Even though they paid quite a bit, I do like the addition ofAnthony Fasano. A highly underrated and reliable two-way tight end, Fasano should help an already tough running game, especially with his perimeter blocking for Charles, as well as pass protection help for Kansas City's offensive line. Fasano will usually line up in line, and by doing so, maybe Kansas City expands Tony Moeaki's receiving capabilities by moving him around the formation more and flexing him out to draw linebacker coverage.
I am very excited about the K.C. defense and expect the Chiefs to field a top-10 unit in 2013. Up front, the addition of Mike DeVito is big. DeVito is very difficult to play against for 60 minutes and excels at disrupting opposing running games. There is no question that the way DeVito approaches the game will positively affect Dontari Poe, Tyson Jackson, Allen Bailey and the rest of this positional unit.
Out of the starting three defensive linemen, there isn't a pass-rusher that stands out -- although Poe could develop in this area. Bailey, however, could step up in his second season and contribute as an interior pass-rusher on throwing downs. The Chiefs absolutely need more from their interior pass rush than they received a year ago, and while they don't have their second-round pick (which they gave up for Smith), drafting for an interior pass-rusher (or maybe an inside linebacker to compete for the spot next to exceptional every-down linebacker Derrick Johnson) should be strongly considered in Round 3. Although Glenn Dorsey is gone, Kansas City's front five should be improved next season as Poe matures and the Chiefs' dynamic outside linebackers continue to wreak havoc off the edges rushing the quarterback.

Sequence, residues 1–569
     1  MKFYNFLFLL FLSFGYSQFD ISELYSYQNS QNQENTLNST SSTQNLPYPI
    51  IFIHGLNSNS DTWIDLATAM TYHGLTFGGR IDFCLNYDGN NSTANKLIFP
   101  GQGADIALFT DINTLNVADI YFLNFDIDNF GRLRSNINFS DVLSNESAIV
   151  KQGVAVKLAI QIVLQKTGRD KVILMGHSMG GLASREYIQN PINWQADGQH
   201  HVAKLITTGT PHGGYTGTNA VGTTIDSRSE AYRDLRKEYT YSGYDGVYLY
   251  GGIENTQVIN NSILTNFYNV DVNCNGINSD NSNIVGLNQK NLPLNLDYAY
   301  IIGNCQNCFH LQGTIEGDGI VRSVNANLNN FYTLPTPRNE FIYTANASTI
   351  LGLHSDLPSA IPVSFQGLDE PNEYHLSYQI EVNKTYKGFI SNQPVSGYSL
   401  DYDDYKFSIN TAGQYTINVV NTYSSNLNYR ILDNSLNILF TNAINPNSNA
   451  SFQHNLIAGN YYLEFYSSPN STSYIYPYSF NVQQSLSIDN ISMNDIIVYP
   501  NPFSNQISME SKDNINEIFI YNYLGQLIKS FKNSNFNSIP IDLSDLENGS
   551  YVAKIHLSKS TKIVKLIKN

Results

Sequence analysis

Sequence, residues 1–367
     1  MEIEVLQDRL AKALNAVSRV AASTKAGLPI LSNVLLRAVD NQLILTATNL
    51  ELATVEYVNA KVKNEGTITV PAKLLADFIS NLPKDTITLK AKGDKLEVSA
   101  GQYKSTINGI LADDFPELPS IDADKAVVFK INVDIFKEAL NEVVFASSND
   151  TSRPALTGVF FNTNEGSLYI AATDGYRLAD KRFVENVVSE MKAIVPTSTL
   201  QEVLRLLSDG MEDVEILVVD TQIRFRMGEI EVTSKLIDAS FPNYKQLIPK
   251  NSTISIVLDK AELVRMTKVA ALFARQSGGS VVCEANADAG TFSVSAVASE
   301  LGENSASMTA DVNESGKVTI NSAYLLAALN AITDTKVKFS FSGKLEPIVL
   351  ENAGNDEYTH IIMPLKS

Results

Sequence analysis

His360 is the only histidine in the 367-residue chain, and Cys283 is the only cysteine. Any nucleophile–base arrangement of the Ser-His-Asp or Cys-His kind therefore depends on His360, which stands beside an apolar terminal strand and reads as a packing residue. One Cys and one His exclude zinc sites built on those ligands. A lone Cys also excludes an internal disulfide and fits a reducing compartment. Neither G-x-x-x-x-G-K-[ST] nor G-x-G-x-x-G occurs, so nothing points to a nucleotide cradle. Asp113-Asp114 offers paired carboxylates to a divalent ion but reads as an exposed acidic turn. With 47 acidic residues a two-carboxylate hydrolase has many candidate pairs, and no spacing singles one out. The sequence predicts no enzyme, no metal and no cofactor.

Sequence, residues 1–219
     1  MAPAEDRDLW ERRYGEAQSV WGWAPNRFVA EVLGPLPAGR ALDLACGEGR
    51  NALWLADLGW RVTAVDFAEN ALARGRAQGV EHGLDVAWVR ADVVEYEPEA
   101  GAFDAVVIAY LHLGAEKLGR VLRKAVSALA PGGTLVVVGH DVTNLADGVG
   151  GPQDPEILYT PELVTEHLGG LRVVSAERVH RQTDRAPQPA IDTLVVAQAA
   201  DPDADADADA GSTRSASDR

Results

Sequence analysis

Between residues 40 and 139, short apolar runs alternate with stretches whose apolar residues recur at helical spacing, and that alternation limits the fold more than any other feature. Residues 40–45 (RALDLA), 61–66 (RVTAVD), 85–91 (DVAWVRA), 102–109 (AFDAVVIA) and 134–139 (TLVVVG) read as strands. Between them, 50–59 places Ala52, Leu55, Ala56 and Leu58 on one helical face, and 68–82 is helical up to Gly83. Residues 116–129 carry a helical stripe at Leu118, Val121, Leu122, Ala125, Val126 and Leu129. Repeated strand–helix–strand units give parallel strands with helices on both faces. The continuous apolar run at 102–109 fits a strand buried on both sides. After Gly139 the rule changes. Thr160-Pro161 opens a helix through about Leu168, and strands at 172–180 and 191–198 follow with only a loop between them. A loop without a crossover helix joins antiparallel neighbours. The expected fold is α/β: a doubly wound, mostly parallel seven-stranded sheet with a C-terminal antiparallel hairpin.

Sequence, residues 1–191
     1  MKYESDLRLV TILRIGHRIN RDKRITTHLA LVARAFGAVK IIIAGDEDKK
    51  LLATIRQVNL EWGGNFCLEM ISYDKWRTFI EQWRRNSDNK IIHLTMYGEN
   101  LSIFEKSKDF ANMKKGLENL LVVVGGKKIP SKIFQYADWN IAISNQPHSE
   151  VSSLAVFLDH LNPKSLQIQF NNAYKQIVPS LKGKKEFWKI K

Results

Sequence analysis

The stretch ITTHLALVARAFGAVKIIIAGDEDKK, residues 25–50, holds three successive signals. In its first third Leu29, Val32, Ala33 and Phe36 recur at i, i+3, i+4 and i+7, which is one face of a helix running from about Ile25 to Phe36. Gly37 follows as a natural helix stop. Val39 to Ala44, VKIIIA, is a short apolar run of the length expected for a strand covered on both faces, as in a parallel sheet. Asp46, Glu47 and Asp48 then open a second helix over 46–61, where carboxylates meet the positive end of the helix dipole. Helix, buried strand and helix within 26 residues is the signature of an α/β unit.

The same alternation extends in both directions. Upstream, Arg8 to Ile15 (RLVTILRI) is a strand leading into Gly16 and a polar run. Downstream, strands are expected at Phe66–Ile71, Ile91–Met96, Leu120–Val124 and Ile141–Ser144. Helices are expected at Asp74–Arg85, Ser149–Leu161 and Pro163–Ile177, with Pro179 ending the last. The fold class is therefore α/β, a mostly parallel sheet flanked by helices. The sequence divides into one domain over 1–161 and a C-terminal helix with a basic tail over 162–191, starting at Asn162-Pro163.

But it is in the secondary where the most improvement should be seen in Kansas City's defense. Although rarely recognized as such, Brandon Flowers is one of the top cornerbacks in the game today. But Kansas City's other cornerbacks struggled in 2012. As a result, the Chiefs signed Sean Smith and Dunta Robinson. With great size to do battle with Denver's large wideouts, Smith is best in man coverage and is a physical corner who disrupts receivers at the line of scrimmage. Robinson is a hitter who is aggressive in all facets of playing the position. What I foresee from Robinson is a role very similar to what Charles Woodson has done in Green Bay over the past few years: a defensive back who can man the deep zones, walk up to the line of scrimmage and play man coverage against slot receivers.
Kendrick Lewis is a decent safety who missed a large portion of the season due to injury. His return should help, but he may not be a full-time player with Robinson on board. And Javier Arenas is a serviceable nickel cornerback. There is now depth here. But the reason I am most excited about Kansas City's secondary is Eric Berry. One of the best safety prospects to enter the NFL in quite a while, Berry began last season very slowly as he returned from injury. But after the Chiefs' season abruptly went downhill and few paid attention, Berry began to look like his old self. He can be very special. Berry and Robinson offer Kansas City the ability to use its safeties in a very wide variety of ways, while the Chiefs play a lot of man coverage with their cornerbacks.
I very much understand that this is a quarterback-driven league. And I am not at all sold on Smith as a franchise QB. But I do think Kansas City will be improved dramatically at this position from a year ago, and overall, this looks like a 9-7 team to me right now, with the arrow very much pointing up. I don't see the Chiefs challenging Denver for divisional superiority, but a playoff berth certainly is not out of the question for Kansas City with its improved roster